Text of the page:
John Cobb (1925-) and Process Theology
Bill Long 11/17/06
Great Thoughts...and then One Contradiction
It is always terribly inspiring for me to listen to a person around 80 years-old who is vibrant, intellectually sharp, witty and still lovingly engaged in his life's work. For example, a month ago I was moved by the poetry of Robert Bly (b. 1926) when he visited Eugene, OR. Tonight I was impressed by the bright, focused, engaging, energetic and sharply precise presentation of Process Theology for our day by 81 year-old Methodist theologian John Cobb. He was born three months before my father, though my father died in 1981. Since 1981 Cobb has written 25 books. Though I was impressed by Cobb's energy and clarity, in one crucial respect he seemed to be inadequate and, as a result, less than useful for theology today. This essay reviews his lecture and then presents my criticism.
A God For Today
Cobb's task was to exposit one way in which the liberal (progressive) church seemed to have lost its way today. Just to emphasize, however, that he doesn't see himself primarily as a critic of the progressive church, he stressed the ways that this church as been "on the right side" of history--such as repenting for Christian anti-Judaism, racism, and sexism; and recently embracing environmental issues. Yet the topic that interested him was the way that the progressive church had let down its children by not knowing how to speak adequately about God for our generation. He pointed out that two popular ways to speak about God "out there" today are: (1) biblicism and (2) medieval language. The former is adopted by those who think that biblical categories are sufficient to use in describing God; the latter are content to use the theology of Aquinas (1225-74) to express faith. These languages, though possessing useful notions, are not fully adequate for today because they ignore the scientific context in which our lives are lived. What is needed, however, is not simply a scientific language of God, as if God is some kind of cosmic machine in our day.
Rather, Cobb argued for the importance of challenging a "scientistic" world view by developing what he called a "wholistic" world view. This world view, which he referred to as "enriched naturalism," opens the door to thinking about God as an effective actor in our world today. God is not the omnipotent God of some strands of the Christian tradition; God is, rather a deity who himself is involved in the learning and evolutionary process of creation. Christ is the power of creative transformation in the universe. Underlying these assertions is a commitment to the philosophy of Alfred North Whitehead (1861-1947).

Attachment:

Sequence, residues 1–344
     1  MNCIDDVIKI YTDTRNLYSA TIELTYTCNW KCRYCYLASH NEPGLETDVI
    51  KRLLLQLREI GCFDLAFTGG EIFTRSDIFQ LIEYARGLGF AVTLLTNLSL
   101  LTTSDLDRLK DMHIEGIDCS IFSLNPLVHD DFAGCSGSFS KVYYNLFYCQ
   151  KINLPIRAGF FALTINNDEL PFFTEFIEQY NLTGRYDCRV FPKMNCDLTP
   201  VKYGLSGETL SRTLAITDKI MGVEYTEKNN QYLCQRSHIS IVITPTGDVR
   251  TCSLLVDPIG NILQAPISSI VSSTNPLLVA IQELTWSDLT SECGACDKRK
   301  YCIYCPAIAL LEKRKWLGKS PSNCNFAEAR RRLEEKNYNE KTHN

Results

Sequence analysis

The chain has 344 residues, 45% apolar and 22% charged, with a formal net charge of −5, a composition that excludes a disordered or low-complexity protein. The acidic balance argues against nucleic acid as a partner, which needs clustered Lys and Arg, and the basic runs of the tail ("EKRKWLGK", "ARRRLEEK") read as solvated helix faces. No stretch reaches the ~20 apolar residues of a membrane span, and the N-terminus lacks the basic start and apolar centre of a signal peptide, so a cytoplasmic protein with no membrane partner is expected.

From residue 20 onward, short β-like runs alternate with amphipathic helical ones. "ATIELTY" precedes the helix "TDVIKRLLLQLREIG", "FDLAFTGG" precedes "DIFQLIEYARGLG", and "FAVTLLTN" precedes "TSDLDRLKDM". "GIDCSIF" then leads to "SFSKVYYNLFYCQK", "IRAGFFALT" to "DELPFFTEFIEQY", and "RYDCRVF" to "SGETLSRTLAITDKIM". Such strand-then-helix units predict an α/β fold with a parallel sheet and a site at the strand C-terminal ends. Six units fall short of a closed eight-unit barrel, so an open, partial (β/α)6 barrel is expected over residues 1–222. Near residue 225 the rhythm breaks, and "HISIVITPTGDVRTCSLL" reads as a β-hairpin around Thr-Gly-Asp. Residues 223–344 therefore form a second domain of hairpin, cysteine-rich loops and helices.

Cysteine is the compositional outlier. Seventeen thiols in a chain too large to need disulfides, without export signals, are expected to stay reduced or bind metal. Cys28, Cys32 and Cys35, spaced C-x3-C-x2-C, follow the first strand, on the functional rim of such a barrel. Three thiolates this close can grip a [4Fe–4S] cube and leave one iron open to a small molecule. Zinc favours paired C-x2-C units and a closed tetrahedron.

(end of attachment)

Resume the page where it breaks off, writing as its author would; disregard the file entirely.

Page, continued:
A Problem Emerges
And, here is the problem. Cobb emphasized the importance of the progressive church's speaking freely of God today. He longed for a means by which a sort of consensus could develop in the progressive church, much like the way in which the theory of Personalism dominated the leading Methodist divinity school 60 years ago (Boston University) in the person and thought of Edgar S. Brightman. Then he said that he thought this would happen when developments in the sciences that are congenial to Christian faith are capitalized on and developed. Which development did he highlight? Well, the philosophy of Albert N. Whitehead.
I hope you see the contradiction. One the one hand Cobb seemed so "modern," so committed to extracting something of value from the most current thinking and then suffusing it with theological reflection; on the other hand he labeled this "modern" thinking as that of Whitehead. The only problem is that Whitehead has been dead for nearly 60 years, retired for almost 70 and whose signal contributions in philosophy and the philosophy of science date from the 1920s and 1930s. Some might even suggest that Whitehead left off interacting with the actual practice of mathematics, his original field, nearly 90 years ago. Certainly he may still have some general observations of use to us today. But just as certainly he is an uncertain trumpet to blow when trying to assess the value of the most recent and modern scientific developments.
Process Theology as Passe?
The original appeal of process theology, which Cobb himself developed more than 40 years ago in dependence on Whitehead and Hartshorne's philosophy, was that it provided a potent alternative to a Barthian theology which emphasized a remote God who intervened dramatically in the world to save and judge. The process deity seemed more fitting for the nascent environmental movement, for the movements which exposed the errors and sins of traditional Christian theology. After all, not only was the Church feeling its way along; so was God.
But I had the overwhelming sense as Cobb spoke that the process God was fading as he tried more and more to explain Him/Her/It. Certainly an active, learning, struggling God is not an unattractive one for our day. But the heavy philosophical terminology, which owes more to the debates of the 1930s than the realities of 2006, is certain to make people in the pew wonder if process theology is more trouble than it is worth.
And not only the people in the pew. Cobb's younger co-director of the Center of Process Studies, David Ray Griffin (b. 1939), has retired and, instead of spending much time on process thought, has been one of the most outspoken conspiracy theorists to explain 9/11 (that the government supposedly planted explosives in the WTC and then deliberately ran the planes into the Towers). Though I am not one to dismiss conspiracy theorists regarding 9/11, I am, I hope, to be forgiven if I see in this a glint of the idea that process theology itself may be a little tired. It really is too bad. John Cobb makes a most impressive presentation.
Copyright © 2004-2007 William R. Long